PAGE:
In fact the Vory have been linked to numerous brutal murders in the post-Soviet period. Authorities have accused them of ordering contract killings and carrying out kidnappings and innumerable financial crimes.
To be inducted into the Vory’s society involves a life devoted to crime, and, traditionally, an adherence to a strict ethical code, said Aleksandr I. Gurov, an expert on Vory who headed the organized crime units of the Soviet Interior Ministry and the K.G.B. He is now chairman of the commission on ethics in the Russian Parliament.
Compared with the Mafia in Italy, Mr. Gurov said, the Vory “have less rules but more severe rules.”
Vory must have no ties to the government, he said, meaning they cannot serve in the army or cooperate with officials while in prison. They must have served several jail sentences before they can qualify. They should not marry.
Ethnicity has rarely determined whether someone can join the club. Today, Mr. Gurov said, most Vory, even those active inside Russia, are from other post-Soviet countries and are not ethnic Russians. Then there are the tattoos. Just as a Russian Orthodox icon depicts the pious works of saints, the elaborate tattoos that the Vory wear detail their criminal exploits. They also indicate rank and occupation.
In modern Russia the Vory have a certain allure, in part because of their association with prison life.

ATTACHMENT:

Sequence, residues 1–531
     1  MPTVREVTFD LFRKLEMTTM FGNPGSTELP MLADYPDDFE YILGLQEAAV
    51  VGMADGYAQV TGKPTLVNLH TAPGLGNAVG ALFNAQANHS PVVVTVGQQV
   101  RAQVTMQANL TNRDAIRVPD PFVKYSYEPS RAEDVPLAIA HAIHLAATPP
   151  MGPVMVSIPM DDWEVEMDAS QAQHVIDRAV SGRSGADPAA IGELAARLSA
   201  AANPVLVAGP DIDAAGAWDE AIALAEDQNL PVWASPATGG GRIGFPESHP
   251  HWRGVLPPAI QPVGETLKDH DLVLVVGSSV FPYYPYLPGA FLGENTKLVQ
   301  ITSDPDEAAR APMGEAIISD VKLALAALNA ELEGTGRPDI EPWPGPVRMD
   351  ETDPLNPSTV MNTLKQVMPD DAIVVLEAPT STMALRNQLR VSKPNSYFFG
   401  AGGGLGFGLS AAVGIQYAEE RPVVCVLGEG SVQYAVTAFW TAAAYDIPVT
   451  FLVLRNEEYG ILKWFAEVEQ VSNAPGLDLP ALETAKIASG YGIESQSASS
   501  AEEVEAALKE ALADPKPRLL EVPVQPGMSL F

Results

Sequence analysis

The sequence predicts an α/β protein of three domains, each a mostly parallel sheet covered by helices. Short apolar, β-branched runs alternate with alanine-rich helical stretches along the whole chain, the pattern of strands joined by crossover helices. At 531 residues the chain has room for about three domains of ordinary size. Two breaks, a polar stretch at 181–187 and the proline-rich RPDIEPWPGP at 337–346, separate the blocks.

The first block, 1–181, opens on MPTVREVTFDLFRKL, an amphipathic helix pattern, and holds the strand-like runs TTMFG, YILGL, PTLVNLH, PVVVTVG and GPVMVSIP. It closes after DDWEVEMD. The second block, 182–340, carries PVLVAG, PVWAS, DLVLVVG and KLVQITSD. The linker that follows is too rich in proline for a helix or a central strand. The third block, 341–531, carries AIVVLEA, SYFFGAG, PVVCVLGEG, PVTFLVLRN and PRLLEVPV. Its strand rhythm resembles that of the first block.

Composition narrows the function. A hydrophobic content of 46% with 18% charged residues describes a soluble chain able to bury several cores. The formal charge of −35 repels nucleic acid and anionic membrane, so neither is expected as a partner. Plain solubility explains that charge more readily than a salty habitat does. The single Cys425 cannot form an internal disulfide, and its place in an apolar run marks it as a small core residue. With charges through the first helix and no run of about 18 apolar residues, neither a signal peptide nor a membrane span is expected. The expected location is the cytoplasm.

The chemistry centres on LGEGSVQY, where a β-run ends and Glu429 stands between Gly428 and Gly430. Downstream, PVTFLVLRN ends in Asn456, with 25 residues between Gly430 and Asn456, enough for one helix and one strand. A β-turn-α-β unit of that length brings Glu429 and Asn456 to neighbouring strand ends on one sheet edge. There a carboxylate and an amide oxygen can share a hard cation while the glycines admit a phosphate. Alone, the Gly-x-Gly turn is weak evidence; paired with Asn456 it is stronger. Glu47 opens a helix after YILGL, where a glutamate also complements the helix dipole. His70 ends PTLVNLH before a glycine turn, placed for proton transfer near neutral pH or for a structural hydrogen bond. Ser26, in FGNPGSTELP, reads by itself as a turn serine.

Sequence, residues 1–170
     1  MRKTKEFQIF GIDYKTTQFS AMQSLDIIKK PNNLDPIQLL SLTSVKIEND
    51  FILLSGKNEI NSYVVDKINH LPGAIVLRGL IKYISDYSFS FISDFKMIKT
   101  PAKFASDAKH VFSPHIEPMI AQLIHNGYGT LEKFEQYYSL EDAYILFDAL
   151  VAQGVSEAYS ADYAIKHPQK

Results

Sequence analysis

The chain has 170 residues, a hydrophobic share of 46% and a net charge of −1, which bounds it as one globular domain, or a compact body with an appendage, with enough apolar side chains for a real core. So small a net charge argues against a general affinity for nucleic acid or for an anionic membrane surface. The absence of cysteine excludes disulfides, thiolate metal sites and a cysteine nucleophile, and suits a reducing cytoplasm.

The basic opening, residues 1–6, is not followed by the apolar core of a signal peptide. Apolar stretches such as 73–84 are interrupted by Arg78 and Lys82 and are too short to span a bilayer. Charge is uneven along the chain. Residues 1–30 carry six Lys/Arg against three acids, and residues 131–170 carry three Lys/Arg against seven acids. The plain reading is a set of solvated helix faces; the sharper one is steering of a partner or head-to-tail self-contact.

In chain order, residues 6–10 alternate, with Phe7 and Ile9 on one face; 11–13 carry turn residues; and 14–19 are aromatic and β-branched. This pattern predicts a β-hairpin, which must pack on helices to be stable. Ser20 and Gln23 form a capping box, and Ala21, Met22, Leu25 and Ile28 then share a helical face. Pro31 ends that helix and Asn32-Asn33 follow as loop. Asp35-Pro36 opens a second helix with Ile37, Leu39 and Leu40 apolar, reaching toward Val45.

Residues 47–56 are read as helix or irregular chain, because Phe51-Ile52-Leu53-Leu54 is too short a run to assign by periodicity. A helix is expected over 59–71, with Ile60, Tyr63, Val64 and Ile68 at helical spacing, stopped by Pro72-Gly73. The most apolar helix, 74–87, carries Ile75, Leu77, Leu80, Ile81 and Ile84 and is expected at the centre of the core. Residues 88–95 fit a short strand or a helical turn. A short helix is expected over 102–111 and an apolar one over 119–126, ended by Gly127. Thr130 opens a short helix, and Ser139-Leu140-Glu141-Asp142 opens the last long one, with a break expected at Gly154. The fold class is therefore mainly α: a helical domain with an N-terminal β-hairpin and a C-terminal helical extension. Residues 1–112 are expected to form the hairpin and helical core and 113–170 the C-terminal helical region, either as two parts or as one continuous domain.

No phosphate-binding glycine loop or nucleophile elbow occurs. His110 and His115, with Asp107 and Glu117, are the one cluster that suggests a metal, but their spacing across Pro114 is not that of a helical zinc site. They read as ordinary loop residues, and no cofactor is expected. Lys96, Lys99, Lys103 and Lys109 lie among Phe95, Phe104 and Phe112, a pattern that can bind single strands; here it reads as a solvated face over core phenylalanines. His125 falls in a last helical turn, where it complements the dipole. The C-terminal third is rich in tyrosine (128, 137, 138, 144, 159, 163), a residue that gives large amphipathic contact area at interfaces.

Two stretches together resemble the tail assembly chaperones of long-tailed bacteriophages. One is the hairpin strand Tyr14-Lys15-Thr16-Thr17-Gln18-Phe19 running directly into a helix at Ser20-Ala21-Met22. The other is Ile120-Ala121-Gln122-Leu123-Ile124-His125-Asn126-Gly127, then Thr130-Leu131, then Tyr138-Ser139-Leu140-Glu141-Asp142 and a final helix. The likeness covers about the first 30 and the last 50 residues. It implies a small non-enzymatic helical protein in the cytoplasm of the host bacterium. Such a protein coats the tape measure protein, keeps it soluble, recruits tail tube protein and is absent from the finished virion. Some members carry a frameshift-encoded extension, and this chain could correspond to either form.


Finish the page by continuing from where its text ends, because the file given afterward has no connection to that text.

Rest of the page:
“Very many people have passed through prison, even those who have had no special connection to the criminal world,” Mr. Konstantinov, the journalist, said. “This is a theme that has been very relevant for many families.”
This intimacy with imprisonment has spawned a pop culture particular to Russia, in which the Vory and other criminal elements have taken center stage. They recently went Hollywood, vividly portrayed in the film “Eastern Promises,” which won the top award at the Toronto International Film Festival last year. Mr. Konstantinov said the film was the most accurate depiction that he had seen.
Still, despite all the celebrity, the Vory no longer seem to wield the power they once did.
According to criminologists, in the late 1980s and the 1990s, as capitalism seeped in, new criminal players entered the field. Mr. Gurov said that unlike most Vory, the top leaders of the newcomers were college-educated, and these new gangsters swarmed into the legal void left by the Soviet Union’s collapse to snatch up lucrative shards of the shattered empire.
At first this new criminal class worked in tandem with the Vory, who helped arbitrate the gang wars that bloodied the streets of Russia’s major cities during the 1990s. In the last decade the Vory have suffered a declining influence, analysts generally say, as competitors with stronger ties to big business and the government squeezed them from their traditional niches.
“Vory are still strong in gambling and retail trade, but their significance in Russian economy and society is rather low,” said Vadim Volkov, a professor at the European University at St. Petersburg, who has researched criminal societies in Russia and the former Soviet Union.
Estimates of their numbers in Russia vary. Rashid G. Nurgaliev, the Russian interior minister, said recently that just under 100 remain active on Russian territory today, though others dispute that count.
“This is just funny and does not correspond to reality,” said Oleg B. Utitsin, editor of the crime section in the weekly Argumenty Nedely. “No one knows how many there are, not even the Vory.” (New York Times, July 30, 2008, by Michael Schwirtz)